The track way found at the quarry of J. Suttle Swanage Quarries in 1961 and later transported to the British Natural History Museum at South Kensington, London.
The Isle of Purbeck is an area of Southern England, U.K. which is famous for its Limestone which has been quarried for centuries to provide building stone both for local use and for use around the U.K. particularly in London.
The track way was discovered during the routine quarrying operation when an area or "patch" of stone is uncovered ready to be extracted by hand or by machine for later hand working. The beds of stone uncovered
which produced the footprints are locally known as the "Roach" beds. This is a bed of middle Purbeck Limestone formed during the cretaceous period some 130 million years ago. The Roach bed is approximately 700 mm high and splits readily using a hammer and punch (a pointed chisel) through the bedding planes to provide various thickness' of slabs from thin paving and cladding (around 20 - 30 mm thick) to stone suitable for walling (around 100 mm thick).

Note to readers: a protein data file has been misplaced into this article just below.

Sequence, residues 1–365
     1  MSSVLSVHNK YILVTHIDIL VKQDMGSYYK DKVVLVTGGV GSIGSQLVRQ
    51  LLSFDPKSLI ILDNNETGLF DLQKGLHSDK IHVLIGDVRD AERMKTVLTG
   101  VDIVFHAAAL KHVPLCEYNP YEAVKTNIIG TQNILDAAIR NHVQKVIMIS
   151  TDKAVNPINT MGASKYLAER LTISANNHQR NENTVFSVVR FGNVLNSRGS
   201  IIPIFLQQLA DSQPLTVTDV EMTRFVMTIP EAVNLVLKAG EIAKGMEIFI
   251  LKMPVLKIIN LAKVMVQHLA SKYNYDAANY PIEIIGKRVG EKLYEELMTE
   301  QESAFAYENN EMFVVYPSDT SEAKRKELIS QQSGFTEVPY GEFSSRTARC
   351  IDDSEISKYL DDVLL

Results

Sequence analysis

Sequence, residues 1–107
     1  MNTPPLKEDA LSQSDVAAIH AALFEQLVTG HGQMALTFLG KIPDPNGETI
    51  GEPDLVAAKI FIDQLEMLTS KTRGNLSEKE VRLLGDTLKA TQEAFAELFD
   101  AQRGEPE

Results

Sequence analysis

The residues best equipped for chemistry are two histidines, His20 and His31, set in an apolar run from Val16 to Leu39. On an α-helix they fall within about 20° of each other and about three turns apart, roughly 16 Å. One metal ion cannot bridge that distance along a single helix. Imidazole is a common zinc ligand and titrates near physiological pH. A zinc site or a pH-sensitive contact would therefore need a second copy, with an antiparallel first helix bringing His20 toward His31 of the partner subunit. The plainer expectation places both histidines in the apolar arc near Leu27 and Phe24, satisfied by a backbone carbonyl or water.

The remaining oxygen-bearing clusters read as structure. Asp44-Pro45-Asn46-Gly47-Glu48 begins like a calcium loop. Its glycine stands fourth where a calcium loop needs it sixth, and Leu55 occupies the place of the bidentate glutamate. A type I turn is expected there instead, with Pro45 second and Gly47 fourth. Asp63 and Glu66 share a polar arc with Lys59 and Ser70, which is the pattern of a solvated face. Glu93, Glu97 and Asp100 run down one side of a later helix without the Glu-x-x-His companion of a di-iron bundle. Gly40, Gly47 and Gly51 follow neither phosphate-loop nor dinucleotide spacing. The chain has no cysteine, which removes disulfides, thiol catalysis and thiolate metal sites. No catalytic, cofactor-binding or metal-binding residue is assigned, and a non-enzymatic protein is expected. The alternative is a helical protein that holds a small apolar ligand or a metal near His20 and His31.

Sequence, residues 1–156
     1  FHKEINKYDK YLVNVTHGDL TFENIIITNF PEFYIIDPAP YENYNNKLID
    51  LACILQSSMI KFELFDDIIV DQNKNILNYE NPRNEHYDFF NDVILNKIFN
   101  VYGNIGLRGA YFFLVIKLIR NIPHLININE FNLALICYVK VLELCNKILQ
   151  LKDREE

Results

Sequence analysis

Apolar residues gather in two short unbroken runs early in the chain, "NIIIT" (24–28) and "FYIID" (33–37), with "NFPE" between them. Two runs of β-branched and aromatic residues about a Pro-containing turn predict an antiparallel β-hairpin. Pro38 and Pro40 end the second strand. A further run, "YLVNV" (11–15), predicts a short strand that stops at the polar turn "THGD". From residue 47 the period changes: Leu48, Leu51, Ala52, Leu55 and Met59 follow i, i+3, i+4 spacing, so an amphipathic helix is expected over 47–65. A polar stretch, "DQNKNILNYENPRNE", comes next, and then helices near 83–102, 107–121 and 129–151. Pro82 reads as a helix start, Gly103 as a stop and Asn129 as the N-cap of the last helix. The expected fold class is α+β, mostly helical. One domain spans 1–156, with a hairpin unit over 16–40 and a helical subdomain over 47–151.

The track way was unusual in that it was the longest track way that had been found in the U.K. It was identified as being the print of Iguanadon and at first it was thought to be the track way of one animal but closer research revealed that it was in fact two sets of dinosaur prints. Iguanadon and Megolasaurus
The individual prints were plotted and given an identifying number and transported to South Kensington.
Part of the track way can now be found in the permanent Wildlife Garden at the Natural History Museum.
J. Suttle Swanage Quarries were pleased to have been associated with the provision of stone for the Wildlife Garden.
J. Suttle Swanage
Quarries, California Quarry,